Jealous of best friend Kit, a critically acclaimed but financially unsuccessful author and playwright, Millie writes a novel, the first in a string of bestselling trashy novels. After eight years of neglect and taking a backseat to Millie's fame, her husband Preston leaves her. Another decade passes and Kit announces her intention of marrying the decade-younger Rudd. Millie thinks Preston wishes to reconcile, only to discover he is engaged. He also admits that he was in love with Kit, who had turned down his many advances. Feeling Kit to blame for the failure of her marriage, Millie flies into a rage and confronts Kit. Later, learning of Rudd's affection for Millie's daughter Diedre, Kit graciously steps aside to bless their union. In the end, Millie and Kit make up, sharing a champagne toast for each one's old acquaintance. Written by
Ed Stephan <firstname.lastname@example.org>
Did You Know?
This is the film with the often shown, camp classic scene of Bette Davis
calmly grabbing Miriam Hopkins
by the shoulders, vigorously shaking her, throwing her down into a chair, and then calmly saying with a clipped, sarcastic edge: "Sorry". Bette Davis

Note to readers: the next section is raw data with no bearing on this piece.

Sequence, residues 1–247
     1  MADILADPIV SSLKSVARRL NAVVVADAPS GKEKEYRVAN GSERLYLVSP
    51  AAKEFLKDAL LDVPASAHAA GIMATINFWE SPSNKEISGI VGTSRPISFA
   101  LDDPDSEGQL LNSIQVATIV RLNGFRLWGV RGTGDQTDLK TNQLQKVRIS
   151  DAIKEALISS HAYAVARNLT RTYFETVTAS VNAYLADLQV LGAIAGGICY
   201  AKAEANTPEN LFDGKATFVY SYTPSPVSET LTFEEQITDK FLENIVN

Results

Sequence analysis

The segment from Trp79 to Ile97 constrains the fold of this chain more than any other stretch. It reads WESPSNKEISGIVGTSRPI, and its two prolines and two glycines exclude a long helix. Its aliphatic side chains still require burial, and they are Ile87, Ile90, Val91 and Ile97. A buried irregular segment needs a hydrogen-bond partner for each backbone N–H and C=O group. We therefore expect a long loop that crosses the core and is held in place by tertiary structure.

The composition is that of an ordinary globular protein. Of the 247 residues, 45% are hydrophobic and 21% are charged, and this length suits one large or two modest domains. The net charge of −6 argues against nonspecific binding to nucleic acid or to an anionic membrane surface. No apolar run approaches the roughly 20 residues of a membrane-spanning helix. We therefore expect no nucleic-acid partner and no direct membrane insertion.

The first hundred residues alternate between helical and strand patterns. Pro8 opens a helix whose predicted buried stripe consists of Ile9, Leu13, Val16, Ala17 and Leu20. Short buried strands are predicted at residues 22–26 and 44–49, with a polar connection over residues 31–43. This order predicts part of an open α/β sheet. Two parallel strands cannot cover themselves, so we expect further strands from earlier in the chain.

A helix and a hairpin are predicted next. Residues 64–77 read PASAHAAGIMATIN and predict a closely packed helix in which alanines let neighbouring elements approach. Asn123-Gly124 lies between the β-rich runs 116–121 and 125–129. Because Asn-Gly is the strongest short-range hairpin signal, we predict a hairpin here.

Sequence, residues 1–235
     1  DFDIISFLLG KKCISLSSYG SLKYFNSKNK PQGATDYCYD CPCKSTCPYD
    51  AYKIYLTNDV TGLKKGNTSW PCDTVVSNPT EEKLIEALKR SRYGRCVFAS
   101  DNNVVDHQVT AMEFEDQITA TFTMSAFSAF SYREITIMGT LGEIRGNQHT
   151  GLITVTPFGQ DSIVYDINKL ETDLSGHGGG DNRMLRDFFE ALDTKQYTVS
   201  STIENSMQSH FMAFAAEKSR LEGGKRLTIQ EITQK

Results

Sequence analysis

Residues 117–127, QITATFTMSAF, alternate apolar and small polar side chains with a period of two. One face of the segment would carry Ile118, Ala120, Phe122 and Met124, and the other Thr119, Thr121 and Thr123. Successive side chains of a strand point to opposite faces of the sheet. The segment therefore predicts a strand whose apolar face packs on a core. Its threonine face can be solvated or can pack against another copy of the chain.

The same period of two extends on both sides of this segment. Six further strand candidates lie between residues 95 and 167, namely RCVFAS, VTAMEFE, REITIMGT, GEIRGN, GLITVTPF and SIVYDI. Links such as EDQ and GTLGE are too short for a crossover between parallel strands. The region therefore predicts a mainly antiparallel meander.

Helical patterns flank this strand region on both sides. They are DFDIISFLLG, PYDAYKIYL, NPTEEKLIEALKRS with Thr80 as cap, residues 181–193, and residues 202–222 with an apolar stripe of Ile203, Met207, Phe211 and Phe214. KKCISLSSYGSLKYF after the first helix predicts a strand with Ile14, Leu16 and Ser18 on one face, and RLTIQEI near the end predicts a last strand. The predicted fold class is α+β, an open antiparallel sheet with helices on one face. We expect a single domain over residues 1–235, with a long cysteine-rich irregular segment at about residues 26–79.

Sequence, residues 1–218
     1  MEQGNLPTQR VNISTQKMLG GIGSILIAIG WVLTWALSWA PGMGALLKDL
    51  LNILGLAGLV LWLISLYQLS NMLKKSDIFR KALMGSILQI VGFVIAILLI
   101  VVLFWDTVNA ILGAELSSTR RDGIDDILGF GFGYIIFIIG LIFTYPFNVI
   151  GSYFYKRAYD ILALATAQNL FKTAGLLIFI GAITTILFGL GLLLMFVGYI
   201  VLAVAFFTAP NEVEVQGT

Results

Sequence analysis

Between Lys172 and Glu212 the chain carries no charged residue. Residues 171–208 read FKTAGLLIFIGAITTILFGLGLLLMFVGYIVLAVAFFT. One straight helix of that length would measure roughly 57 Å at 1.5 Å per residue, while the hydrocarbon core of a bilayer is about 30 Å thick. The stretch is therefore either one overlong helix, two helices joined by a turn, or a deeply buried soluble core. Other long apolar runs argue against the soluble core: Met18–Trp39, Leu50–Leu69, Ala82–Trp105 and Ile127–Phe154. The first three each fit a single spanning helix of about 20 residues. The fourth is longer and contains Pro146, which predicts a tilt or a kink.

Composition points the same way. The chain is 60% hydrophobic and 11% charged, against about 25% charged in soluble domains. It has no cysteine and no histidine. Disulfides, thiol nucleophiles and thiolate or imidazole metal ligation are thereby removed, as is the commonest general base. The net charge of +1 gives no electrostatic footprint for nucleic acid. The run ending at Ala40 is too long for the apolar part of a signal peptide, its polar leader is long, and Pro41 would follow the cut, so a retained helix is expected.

later admitted she immensely enjoyed playing that scene. See more
In the bedroom scene with Preston, Kit is on the telephone with Julia Broadbank, Preston is holding her hand, then Deidre runs in and sits on her lap. Both of Kit's arms are around her, it's a tight two-shot. Then it cuts to the master-shot and Kit suddenly has a lit cigarette in her hand which she smokes through the time Deidre leaves the room all the way until she is talking to Millie and Miss Carter in the Living room. See more
[responding to a question about Millie's daughter Deidre
Well, she's really partly mine anyway. I was at the hospital when she was born. As a matter of fact, she gave me her first smile. Her mother said it was gas.
Featured in Vito
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Music by R. Melish
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